We were told that the Painted Monasteries in the north of Romania are a must see. Our research showed these to be 440km north of Bucharest. Google maps told us it was a 6.5 hour drive. The TomTom disagreed – our friend Jane indicated an 8.5 hour drive to see some churches!!
We hired a car for a week and headed to Suceava where we found a fort under (re)construction and some amazing Romanian Orthodox churches.
Suceava was, for a period in time, capital of the Moldovian Kingdom, an area that now stretches across northern Romania and a part of the Ukraine.
Typical Romanian food was harder to find, the offerings included Italian, Catalan and Mexican.
The rain continued as we set out on a 300km trek to see the best of the painted monasteries. They all date back to 14th – 16th centuries and were built by Stefan the Great (St Stefan) and his son Petru Rares, to commemorate the battles they won. They won many battles, so there are many monasteries.
Paintings on both the inside and outside walls have survived in varying degrees over the past 600-700 years. In fact archaeologists are unsure of the exact recipe for the paints that have given them such brilliance and longevity.
Typical Orthodox topics are depicted in all the churches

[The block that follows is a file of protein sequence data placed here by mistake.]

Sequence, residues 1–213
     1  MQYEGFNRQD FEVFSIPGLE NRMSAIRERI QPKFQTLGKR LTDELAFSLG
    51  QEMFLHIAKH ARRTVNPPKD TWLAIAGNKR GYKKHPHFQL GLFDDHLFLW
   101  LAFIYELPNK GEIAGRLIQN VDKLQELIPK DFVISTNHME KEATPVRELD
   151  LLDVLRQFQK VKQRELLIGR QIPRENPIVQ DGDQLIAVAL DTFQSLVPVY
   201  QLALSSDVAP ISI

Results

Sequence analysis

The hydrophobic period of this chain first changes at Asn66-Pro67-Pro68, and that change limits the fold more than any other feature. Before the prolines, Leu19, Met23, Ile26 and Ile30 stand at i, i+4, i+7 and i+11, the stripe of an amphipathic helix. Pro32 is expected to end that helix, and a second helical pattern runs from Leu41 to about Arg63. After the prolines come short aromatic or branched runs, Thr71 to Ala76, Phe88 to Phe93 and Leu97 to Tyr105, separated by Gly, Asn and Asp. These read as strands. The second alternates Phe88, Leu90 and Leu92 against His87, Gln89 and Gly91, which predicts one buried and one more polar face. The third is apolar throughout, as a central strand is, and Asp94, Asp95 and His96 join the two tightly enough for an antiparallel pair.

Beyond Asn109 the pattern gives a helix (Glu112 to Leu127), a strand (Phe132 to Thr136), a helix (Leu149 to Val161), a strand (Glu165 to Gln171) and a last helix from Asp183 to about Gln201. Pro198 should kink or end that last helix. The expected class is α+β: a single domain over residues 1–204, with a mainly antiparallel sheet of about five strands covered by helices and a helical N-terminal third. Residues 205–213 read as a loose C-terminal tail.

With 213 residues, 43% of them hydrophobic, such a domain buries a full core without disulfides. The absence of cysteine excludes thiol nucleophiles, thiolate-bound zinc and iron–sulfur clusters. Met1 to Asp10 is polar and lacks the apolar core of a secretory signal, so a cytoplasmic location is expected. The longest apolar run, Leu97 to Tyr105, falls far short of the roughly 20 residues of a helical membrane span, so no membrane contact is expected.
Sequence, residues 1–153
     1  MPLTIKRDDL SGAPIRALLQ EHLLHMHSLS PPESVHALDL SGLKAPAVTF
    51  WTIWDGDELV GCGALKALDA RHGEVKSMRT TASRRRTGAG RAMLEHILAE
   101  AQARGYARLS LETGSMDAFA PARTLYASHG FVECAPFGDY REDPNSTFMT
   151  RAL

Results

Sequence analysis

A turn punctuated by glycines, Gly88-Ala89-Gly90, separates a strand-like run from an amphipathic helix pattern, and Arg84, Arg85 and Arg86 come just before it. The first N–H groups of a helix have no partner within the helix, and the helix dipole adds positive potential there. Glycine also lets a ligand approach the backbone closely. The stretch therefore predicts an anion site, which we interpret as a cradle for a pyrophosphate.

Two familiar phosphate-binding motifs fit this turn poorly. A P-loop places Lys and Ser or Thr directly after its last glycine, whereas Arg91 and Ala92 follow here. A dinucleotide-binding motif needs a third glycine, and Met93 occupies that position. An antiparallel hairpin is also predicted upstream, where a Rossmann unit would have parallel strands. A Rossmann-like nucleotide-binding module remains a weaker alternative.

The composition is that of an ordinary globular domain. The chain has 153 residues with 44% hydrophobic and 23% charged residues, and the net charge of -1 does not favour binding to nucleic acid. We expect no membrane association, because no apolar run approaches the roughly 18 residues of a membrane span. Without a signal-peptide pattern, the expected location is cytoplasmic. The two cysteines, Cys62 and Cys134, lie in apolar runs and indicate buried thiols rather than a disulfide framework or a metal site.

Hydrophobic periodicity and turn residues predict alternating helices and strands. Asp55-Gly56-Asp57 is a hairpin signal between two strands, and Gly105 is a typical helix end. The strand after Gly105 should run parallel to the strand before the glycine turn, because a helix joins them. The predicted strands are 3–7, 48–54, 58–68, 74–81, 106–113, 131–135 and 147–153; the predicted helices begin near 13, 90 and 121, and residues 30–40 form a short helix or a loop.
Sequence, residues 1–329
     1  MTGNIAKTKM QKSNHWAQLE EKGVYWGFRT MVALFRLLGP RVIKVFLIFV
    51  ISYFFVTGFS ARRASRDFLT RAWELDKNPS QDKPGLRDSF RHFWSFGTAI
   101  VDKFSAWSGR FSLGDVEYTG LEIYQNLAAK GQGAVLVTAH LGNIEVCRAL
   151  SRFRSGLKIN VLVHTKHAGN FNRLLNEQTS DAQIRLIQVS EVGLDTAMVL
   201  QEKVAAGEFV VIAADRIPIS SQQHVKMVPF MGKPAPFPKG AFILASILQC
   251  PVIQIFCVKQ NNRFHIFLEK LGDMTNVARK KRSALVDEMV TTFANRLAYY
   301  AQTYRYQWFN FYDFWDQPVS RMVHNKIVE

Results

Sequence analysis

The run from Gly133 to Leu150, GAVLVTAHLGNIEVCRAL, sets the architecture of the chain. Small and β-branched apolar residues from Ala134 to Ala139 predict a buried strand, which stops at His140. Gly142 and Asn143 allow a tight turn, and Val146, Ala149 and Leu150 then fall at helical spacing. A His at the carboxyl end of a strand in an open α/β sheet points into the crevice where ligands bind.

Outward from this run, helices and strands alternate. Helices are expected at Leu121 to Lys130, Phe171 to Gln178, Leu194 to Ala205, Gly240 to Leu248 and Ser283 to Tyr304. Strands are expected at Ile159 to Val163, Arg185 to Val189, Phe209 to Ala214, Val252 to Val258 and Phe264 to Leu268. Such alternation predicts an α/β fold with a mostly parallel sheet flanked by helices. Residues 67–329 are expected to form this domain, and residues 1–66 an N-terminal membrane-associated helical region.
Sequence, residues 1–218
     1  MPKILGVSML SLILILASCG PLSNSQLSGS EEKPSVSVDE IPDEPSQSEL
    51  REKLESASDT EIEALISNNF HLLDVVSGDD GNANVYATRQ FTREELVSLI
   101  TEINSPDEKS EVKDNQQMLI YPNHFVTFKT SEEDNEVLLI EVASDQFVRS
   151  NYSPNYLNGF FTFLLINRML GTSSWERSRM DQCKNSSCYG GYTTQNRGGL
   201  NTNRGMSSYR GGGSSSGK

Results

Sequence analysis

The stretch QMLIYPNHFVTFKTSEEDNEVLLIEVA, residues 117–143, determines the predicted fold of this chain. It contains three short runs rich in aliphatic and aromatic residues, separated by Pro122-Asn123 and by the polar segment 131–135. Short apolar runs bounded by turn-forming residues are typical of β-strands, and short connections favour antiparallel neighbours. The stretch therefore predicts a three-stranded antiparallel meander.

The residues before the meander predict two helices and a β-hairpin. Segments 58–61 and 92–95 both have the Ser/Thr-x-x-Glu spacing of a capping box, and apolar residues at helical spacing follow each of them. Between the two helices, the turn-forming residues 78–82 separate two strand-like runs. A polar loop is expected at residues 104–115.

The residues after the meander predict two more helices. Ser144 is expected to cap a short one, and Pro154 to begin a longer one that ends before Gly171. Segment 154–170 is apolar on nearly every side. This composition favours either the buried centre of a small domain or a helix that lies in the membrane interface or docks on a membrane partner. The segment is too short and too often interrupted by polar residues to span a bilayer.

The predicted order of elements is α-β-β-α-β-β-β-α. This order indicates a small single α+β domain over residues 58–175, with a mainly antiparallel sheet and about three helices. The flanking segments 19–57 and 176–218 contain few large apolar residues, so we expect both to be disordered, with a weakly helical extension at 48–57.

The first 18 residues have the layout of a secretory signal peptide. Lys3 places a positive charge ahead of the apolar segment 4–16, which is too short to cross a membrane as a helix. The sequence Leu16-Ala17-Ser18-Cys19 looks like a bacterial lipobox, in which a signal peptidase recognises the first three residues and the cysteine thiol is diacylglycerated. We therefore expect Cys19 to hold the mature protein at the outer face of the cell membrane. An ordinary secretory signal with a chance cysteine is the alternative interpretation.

- biblical stories (the last judgement day with glorious Heaven and St Peter at the gate with his key, devils, Hell and damnation, Purgatory and it’s suffering)
- martyrs, with graphic details of their horrible deaths
- the Orthodox calendar of saints
- various kings, princes and noblemen with their families, who were the benefactors of the churches
As we also saw in Russia, Orthodox churches used their walls as a graphic lesson in living a good life, for it’s mostly illiterate congregations.
The long drive was not without interest. This is a poor part of Romania. Families hoe the crops manually and walk home after a long day in the fields with a hoe over their shoulder. Horse and donkey carts abound, carrying hay, wooden logs, families, whatever. Small stalls by the road sell honey, cheese, oil, vinegar. Older people watch the world go by from benches, built outside their front fences.